U.S. Supreme Court

Gorsuch is the only SCOTUS justice who isn't wearing a mask on the bench; did he refuse Roberts' request?

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Updated: U.S. Supreme Court Justice Neil M. Gorsuch’s refusal to wear a mask during recent oral arguments is spurring criticism and one report saying his maskless presence defied a request by Chief Justice John G. Roberts Jr.

Roberts released a statement Wednesday, however, that denied that he made any such request, Law.com reports.

“I did not request Justice Gorsuch or any other justice to wear a mask on the bench,” Roberts said.

The statement refutes an NPR report that said Roberts “in some form asked the other justices to mask up” amid the surge in the omicron variant. Gorsuch sits next to Justice Sonia Sotomayor, who has diabetes and was the only justice who wore a mask before the holidays.

The article did not further explain the form of the chief justice’s request, the Volokh Conspiracy points out.

Since the high court’s return, Sotomayor has been participating via telephone. According to NPR, which relied on anonymous sources, Sotomayor did not feel safe being close to unmasked people, and that was the reason that Roberts wanted justices to wear masks.

Sotomayor and Gorsuch issued a statement Wednesday addressing another question: whether Sotomayor asked Gorsuch to wear a mask, according to a tweet by Supreme Court journalist Adam Liptak of the New York Times. She did not.

“Reporting that Justice Sotomayor asked Justice Gorsuch to wear a mask surprised us. It is false,” the statement said. “While we may sometimes disagree about the law, we are warm colleagues and friends.”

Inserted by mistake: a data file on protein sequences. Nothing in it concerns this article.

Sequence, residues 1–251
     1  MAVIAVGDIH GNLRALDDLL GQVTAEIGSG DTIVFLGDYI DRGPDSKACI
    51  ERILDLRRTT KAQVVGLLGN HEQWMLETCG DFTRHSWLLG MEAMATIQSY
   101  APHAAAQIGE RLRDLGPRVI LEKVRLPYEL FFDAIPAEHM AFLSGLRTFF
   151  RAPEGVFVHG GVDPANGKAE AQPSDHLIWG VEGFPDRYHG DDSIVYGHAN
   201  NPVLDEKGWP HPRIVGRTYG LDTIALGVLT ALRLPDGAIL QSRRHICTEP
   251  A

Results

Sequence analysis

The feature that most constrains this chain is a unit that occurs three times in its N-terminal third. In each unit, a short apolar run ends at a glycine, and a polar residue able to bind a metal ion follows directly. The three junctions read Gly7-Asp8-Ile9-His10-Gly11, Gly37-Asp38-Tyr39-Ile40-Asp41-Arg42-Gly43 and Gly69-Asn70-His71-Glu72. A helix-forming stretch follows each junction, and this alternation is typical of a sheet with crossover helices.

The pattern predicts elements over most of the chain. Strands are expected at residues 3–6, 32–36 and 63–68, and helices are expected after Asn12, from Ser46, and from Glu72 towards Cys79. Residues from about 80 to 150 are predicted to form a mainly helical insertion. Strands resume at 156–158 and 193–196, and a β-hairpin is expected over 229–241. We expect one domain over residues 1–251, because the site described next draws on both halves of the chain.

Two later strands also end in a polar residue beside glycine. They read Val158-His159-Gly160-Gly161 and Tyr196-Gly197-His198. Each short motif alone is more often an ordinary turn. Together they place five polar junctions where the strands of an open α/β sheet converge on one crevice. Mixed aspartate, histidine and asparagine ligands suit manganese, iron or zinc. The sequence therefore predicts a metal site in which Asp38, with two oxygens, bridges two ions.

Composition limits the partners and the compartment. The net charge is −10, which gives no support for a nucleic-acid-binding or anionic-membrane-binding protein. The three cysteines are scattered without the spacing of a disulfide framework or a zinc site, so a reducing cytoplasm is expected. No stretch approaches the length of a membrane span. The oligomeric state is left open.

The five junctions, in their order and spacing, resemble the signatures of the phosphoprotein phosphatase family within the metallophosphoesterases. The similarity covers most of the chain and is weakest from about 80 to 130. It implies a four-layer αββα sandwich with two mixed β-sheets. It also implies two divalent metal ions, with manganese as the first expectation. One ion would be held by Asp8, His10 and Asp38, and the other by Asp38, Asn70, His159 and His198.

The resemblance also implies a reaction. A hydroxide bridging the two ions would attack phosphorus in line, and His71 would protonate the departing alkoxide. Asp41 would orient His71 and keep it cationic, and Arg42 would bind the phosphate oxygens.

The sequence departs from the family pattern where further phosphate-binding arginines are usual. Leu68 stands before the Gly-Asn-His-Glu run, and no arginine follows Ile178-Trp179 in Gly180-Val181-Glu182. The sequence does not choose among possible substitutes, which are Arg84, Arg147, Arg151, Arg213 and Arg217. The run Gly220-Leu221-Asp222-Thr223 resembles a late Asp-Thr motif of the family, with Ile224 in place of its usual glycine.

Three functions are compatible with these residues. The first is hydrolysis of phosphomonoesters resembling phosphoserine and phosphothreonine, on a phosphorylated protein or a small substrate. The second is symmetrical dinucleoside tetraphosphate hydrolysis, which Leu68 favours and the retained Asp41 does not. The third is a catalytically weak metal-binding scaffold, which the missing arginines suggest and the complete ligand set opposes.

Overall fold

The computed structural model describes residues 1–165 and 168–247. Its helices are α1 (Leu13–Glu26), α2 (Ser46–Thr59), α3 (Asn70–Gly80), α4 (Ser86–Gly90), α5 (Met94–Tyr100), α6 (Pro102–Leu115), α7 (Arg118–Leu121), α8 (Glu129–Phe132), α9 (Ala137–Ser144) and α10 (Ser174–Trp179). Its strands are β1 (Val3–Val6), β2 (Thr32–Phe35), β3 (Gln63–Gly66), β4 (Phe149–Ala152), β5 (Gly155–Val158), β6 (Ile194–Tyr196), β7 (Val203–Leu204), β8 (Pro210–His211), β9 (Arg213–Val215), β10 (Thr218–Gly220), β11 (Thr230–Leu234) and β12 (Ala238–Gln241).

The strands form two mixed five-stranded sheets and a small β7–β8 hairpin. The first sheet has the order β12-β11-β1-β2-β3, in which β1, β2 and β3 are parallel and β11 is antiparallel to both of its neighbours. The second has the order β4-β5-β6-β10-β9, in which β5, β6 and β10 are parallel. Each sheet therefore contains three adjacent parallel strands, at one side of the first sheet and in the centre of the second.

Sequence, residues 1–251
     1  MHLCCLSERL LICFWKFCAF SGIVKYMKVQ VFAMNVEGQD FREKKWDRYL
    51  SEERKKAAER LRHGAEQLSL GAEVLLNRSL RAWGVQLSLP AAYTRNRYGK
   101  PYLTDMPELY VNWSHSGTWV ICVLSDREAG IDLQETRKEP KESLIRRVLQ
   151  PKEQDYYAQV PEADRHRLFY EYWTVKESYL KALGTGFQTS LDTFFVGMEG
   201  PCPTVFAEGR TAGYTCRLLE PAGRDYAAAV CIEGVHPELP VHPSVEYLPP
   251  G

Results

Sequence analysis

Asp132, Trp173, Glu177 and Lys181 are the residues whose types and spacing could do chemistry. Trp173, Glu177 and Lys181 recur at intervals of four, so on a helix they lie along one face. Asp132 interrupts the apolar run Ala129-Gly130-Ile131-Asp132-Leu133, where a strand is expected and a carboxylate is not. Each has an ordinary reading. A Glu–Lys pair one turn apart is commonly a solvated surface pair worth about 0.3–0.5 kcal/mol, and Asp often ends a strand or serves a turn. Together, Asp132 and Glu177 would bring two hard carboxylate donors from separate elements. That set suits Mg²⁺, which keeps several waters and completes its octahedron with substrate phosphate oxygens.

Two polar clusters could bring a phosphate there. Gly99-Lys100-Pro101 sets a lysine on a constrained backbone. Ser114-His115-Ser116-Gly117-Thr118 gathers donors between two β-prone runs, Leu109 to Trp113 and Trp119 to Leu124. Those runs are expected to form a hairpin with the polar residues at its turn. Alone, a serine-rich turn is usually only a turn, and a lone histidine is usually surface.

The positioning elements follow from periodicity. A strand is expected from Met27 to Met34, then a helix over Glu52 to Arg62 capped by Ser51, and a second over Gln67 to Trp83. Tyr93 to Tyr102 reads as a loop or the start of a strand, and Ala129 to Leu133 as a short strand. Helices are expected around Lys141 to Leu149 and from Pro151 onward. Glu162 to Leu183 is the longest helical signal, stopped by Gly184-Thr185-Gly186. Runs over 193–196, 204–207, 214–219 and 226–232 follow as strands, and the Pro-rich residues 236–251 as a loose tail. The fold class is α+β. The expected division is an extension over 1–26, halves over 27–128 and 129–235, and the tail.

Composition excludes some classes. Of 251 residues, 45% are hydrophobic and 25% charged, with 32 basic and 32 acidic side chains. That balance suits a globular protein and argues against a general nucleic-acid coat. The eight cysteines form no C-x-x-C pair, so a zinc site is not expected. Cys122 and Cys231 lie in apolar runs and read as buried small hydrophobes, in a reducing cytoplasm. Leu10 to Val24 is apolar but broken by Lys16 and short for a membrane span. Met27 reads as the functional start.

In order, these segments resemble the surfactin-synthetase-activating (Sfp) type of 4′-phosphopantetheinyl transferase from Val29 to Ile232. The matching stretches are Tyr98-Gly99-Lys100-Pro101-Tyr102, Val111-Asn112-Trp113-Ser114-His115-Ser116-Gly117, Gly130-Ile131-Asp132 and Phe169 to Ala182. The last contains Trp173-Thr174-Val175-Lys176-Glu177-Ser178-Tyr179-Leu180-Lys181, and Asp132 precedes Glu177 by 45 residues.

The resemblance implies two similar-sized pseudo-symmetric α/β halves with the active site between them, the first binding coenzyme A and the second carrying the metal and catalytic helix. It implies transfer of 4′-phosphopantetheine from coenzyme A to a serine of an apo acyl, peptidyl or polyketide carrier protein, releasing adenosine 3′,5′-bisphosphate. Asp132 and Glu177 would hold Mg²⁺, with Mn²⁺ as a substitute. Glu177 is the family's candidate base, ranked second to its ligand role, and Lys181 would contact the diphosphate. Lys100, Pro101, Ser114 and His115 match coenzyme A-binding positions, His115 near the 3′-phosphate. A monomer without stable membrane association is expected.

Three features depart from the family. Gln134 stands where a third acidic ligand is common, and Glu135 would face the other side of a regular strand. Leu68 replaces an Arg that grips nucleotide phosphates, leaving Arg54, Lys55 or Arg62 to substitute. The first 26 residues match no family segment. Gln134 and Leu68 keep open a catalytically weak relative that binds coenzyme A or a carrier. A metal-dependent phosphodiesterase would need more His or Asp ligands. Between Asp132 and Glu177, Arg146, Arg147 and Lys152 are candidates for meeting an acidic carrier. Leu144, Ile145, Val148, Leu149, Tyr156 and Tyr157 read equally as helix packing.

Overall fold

It is unclear which publication reported that Sotomayor asked Gorsuch to wear a mask.

The NPR story, by Supreme Court journalist Nina Totenberg, described Gorsuch as “a prickly justice, not exactly beloved even by his conservative soulmates on the court.”

Ruth Marcus, deputy editorial page editor and an opinion columnist for the Washington Post, pointed out that five justices, including Sotomayor, are older than age 65.

“Wearing a mask is the decent thing to do—especially when you are around vulnerable individuals,” she wrote.

The court’s public information office did not respond to the Washington Post’s questions about Gorsuch’s lack of a mask and whether it had something to do with Sotomayor’s decision to participate remotely.

Fox News anchor Shannon Bream said Tuesday evening she has been told that the NPR story is not accurate, Fox News reported.

“A source at the Supreme Court says there have been no blanket admonition or request from Chief Justice Roberts that the other justices begin wearing masks to arguments,” Bream said.

Mike Davis, a former law clerk for Gorsuch, tweeted that the chief justice never asked his colleagues to mask up for any reason.

“Fact-check: 100% false,” he tweeted.

In another tweet, Davis said Gorsuch “is vaccinated and boosted, like all justices.” Gorsuch also tests for COVID-19 before all arguments, as do the lawyers, and the Supreme Court has upgraded its air filtration system, he said.

Updated Jan. 19 at 4:12 p.m. to include statement from Roberts.

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